STEAG's 440MW solar project in Sicily emerges as a separate 195MW scheme progresses through the planning process on the island. Image credit: Alessio Rinella / Unsplash
A German firm has added its name to the ranks of foreign players now targeting Italy as a market for large-scale solar projects, the latest announcement of a flurry this month.
Essen-headquartered STEAG Group announced on Monday plans for a 440MW solar complex on the island of Sicily, to be deployed by its subsidiary STEAG Solar Energy Solutions (SENS).
The portfolio will be split between six parks in the Palermo and Trapani provinces, all sites contained within a 40-kilometre radius. A first section should have completed construction by the end of 2020.
The 440MW PV complex should produce enough output to power 350,000-plus households and will be backed by KGAL, a Germany-based investor managing over €22 billion (US$24 billion) in assets.
As this week’s statement explained, KGAL and SENS are past partners after years where the former hired the latter to handle the deployment and management of KGAL-owned solar projects in Italy.
"For many years, we have trusted in the qualities of SENS … I am sure that we will once again work together in a spirit of trust and efficiency,” said KGAL manager Matej Lednicky.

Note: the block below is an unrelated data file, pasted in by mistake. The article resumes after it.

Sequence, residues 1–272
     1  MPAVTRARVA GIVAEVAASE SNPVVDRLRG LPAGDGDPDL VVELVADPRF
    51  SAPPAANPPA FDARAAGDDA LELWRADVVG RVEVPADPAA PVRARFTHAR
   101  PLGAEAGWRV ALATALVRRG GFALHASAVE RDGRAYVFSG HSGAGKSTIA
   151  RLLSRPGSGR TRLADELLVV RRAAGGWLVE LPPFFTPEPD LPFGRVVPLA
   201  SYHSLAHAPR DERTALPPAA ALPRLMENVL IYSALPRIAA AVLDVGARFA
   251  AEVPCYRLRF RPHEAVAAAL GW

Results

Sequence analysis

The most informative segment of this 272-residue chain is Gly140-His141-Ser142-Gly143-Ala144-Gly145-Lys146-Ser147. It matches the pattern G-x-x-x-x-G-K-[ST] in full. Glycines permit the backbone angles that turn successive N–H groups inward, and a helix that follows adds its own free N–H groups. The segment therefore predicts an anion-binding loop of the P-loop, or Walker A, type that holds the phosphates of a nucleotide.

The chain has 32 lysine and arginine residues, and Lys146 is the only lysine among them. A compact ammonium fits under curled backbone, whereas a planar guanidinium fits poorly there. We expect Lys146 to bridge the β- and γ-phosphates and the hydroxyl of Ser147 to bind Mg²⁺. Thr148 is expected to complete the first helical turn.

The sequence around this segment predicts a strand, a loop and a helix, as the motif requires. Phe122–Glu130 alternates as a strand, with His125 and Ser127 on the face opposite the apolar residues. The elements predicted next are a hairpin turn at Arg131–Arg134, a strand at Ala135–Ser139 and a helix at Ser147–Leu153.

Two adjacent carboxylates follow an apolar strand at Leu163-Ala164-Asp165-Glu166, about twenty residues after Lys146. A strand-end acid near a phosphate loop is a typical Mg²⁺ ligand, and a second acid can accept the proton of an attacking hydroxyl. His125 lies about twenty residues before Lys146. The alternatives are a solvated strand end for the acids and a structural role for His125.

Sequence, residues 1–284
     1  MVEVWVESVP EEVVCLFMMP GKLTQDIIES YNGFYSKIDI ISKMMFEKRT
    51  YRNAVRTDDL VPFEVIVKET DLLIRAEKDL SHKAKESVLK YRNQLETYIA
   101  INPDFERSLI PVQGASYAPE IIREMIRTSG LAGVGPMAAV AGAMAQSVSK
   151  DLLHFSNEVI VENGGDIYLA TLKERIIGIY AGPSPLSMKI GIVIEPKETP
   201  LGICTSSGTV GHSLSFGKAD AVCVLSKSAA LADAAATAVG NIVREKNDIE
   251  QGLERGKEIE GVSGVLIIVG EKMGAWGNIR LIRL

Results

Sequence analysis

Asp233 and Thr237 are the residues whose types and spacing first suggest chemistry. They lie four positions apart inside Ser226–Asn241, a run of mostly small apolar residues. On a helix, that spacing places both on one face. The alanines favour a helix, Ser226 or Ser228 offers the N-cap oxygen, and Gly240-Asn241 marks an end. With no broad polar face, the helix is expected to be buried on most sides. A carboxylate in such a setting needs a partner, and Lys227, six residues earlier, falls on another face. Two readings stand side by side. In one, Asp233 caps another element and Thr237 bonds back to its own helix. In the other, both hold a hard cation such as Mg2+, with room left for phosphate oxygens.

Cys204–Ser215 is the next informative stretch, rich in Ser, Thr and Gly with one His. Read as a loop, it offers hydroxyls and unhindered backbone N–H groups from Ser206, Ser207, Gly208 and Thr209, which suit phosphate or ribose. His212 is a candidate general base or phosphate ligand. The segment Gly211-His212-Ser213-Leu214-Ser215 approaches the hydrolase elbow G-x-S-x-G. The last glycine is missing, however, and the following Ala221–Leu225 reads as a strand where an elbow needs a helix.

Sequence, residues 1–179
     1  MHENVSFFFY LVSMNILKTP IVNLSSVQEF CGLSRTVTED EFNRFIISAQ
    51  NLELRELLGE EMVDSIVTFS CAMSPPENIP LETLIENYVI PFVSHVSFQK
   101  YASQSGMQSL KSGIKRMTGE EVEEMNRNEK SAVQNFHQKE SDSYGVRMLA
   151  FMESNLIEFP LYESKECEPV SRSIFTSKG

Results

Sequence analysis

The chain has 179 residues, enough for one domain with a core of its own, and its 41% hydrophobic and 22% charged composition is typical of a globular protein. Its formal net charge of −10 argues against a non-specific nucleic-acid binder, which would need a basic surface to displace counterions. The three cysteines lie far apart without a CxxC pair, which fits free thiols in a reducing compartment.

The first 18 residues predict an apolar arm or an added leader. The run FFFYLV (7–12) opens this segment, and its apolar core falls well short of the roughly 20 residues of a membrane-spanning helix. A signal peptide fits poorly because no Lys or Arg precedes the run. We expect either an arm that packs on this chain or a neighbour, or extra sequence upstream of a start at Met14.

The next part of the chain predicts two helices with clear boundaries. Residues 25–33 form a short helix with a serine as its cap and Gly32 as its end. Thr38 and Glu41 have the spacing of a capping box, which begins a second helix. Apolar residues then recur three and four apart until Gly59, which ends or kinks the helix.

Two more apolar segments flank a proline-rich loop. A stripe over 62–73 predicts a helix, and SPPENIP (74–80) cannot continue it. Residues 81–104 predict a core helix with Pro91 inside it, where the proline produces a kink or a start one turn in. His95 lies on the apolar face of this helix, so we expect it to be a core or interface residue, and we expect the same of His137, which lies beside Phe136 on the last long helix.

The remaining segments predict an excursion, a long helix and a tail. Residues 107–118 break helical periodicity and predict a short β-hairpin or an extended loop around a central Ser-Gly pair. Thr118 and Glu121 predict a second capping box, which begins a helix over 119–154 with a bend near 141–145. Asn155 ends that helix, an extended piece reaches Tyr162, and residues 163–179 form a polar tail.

Sicily steals spotlight as Italy embarks on new solar phase
STEAG’s 440MW plans mark the latest of a recent flurry of foreign moves for Italian solar, setting the scene for the end of years of standstill after subsidies were withdrawn earlier this decade.
STEAG’s is not the first major solar project to be put forward in Sicily either. A 195MW plant, owned by the Milan-based Falck group since Canadian Solar sold a stake in July, is currently progressing through the planning process.
Despite the advent of large ventures, some industry commentators feel some of Italy’s features – land restrictions, cannibalisation risks – make ground-mounted PV a tough avenue to explore.
“From what we’ve seen today, there is a vast difference with the value you can get from rooftop projects,” Giles Clark, part of UK PV body the STA, said at a recent event. “The overwhelming logic is that you’d be crazy not to deploy smaller systems on homes and rooftops in Italy, if you’ve got the space.”
For STEAG, Italy will not be its sole PV target going forward. SENS, formerly known as Gildemeister Energy Solutions, will too tap into the “enormous potential” of Spain and Germany, the firm said.
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